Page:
Thursday, January 15, 2009

My Social Media Aware PC MLAs

There's a new site for members of the government caucus: In all fairness, it's a pretty good site, but I'm a little puzzled by this section, which seems to offer Albertans advice on how to use social media.

The title of the page reads, "The Nine Commandments of Social Media," and reads more like something of interest to politicians aiming to manipulate social media than a guideline for ordinary Albertans. My favourite bits:

Thou Shalt be Honest – it’s a pretty good maxim to live by in all areas of life but it s particularly true online. If you’re telling a lie or trying to pull a fast one, you will always get caught out. Bad news travels fast, so any lies you do tell are certain to come back to haunt you.

Thou Shalt Have an Opinion – if you are scared to voice your point of view you will struggle to get anyone to listen to you. There’s a level of professionalism we should all strive for but it’s a lot lower than you might think!

Was this page really intended as advice for Albertans who sign up for facebook and twitter? If so, what's it doing on This reads more like an internal document, intended for MLAs who are thinking about using social media...if so, why give away your secret social media marketing tricks?

Strange indeed.

Monday, January 12, 2009

Superman vs. the Pocketbook

(Click to enlarge)

In this peculiar scene from Action Comics #562, Superman encounters some folks who have been stuck to their cars by a strange form of magnetism. Of course Superman has to rescue them, but were I the fellow in the first panel, I'd be less concerned about my belt and more concerned by Superman firing his heat vision, which can incinerate continents, so close to my crotch.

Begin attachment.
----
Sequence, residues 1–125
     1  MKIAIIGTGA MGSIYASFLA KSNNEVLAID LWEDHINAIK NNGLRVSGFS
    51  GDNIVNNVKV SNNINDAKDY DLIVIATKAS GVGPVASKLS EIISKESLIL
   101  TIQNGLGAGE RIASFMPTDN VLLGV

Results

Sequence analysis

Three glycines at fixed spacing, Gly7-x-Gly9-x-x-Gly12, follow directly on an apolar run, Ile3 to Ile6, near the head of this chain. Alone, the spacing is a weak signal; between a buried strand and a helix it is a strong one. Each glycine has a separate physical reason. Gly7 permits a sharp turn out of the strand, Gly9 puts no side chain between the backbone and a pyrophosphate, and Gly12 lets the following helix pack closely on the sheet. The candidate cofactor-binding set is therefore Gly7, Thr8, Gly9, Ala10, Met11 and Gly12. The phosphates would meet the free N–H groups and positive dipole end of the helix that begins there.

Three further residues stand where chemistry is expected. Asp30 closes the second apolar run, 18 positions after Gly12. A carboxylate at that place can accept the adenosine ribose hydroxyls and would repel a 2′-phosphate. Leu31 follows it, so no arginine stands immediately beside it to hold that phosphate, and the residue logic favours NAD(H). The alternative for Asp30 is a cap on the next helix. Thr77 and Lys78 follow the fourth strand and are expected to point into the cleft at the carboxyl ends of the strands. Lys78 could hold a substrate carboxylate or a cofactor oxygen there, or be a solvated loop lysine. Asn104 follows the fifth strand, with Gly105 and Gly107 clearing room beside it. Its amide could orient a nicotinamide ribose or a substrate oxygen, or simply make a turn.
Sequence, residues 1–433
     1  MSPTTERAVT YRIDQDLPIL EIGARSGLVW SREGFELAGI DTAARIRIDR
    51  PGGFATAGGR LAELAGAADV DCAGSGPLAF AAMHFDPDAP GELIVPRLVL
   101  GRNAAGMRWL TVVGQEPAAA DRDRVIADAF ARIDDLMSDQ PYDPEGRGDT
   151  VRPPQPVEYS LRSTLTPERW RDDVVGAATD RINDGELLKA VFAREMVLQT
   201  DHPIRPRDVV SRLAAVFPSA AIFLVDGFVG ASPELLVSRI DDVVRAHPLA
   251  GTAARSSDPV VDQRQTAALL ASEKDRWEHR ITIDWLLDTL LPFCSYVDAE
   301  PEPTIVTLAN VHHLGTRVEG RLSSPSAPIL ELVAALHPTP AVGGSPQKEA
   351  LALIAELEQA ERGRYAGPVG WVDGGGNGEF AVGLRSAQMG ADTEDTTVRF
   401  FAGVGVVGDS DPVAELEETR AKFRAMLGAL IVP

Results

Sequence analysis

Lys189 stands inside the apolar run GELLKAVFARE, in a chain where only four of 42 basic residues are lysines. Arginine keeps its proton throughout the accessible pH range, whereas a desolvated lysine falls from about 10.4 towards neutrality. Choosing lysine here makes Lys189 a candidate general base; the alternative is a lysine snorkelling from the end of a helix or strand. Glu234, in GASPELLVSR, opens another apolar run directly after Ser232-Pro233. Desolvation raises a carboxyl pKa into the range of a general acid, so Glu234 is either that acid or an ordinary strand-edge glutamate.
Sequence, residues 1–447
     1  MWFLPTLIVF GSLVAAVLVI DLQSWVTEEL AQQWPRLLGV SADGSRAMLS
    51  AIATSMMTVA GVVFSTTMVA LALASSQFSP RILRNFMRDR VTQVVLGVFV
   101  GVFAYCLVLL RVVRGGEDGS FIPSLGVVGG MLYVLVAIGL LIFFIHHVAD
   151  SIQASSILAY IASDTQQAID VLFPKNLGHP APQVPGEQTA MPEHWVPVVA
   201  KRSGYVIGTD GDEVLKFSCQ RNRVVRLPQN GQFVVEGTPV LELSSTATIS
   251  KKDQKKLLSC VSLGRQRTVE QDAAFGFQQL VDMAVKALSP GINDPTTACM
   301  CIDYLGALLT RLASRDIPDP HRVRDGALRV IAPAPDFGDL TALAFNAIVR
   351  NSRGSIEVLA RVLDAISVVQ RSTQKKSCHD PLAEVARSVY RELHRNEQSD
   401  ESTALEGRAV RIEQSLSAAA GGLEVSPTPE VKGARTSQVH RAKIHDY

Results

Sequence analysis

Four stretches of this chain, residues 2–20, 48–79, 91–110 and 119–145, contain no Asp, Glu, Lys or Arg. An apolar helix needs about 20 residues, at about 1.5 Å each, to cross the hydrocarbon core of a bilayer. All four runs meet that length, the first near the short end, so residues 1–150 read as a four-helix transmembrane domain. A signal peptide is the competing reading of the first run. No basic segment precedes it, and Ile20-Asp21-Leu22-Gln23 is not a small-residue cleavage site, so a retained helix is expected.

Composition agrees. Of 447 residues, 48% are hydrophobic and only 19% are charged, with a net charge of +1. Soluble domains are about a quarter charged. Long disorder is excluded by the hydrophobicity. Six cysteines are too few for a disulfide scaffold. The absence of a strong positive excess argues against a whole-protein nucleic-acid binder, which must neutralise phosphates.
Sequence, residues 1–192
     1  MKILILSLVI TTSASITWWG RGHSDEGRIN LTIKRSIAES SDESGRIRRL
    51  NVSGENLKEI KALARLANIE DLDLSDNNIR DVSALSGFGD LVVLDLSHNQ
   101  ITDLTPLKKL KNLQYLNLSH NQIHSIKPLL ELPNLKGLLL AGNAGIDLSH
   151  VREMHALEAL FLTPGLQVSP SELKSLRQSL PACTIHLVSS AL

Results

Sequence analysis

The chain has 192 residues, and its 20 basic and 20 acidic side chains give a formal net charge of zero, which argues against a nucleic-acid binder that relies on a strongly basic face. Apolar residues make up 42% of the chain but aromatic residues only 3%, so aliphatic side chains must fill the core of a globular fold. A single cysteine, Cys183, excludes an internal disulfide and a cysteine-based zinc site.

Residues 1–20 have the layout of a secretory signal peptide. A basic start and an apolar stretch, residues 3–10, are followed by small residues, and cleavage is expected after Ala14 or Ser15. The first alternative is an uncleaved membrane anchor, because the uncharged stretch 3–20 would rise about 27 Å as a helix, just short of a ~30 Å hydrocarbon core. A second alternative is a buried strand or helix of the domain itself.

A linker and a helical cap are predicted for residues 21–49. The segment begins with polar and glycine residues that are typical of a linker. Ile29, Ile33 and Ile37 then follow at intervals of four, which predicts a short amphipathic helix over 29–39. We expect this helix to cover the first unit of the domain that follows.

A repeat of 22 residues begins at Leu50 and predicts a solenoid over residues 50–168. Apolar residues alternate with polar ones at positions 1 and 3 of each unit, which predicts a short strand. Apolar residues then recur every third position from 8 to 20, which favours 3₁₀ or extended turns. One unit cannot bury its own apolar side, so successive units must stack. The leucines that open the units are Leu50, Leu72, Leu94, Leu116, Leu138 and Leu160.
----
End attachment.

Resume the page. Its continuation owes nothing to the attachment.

And the lady with the handbag, while a little rude, does have a point - why would Superman snap the strap when it's clear that all he has to do is lift it over her head to free her?

Then again, who am I to question how Superman does his job? After multiple exposures to every type of kryptonite from pink to silver, not to mention thousands of concussions, a couple of deaths and resurrections, mental manipulation, body transferrals and who knows what else, I'm sure his judgement has probably suffered some permanent impairment.


Aquaman, aside from being the most-mocked member of the Super Friends, is also the King of Atlantis, the underwater kingdom comprised of the ancient cities of Poseidonis and Tritonis. In his role as King, Aquaman has certain duties as head-of-state. But see how he blows off his responsibilities in this late 1970s issue of Adventure Comics:

Canada gets little respect in the comics. Is meeting the Canadian ambassador so dull a task that Aquaman will grasp any straws necessary to avoid it? Testing Mr. Weisbogg's robot, indeed.

Of course, I suppose they couldn't call it Adventure Comics if the stories revolved around diplomatic meetings...

Friday, January 09, 2009

Itty Bitty Bumper Boats

Shrunken tourists at West Edmonton Mall.

Canada Day 2005 in Miniature

A "small" crowd showed up for the Barenaked Ladies concert on Canada Day, 2005.

Honey, I Shrunk the Car

In 2006, I brought Sylvia on a road trip to Leaf Rapids, Manitoba. The shrinking car phenomenon was not the strangest part of that journey.

The (Really) Little Church

In 1981, my grade six class went to Drumheller for a field trip. We saw the famed Little Church, and I took this photo from atop a hill. Thanks to tilt-shift trickery, now the church really does look little.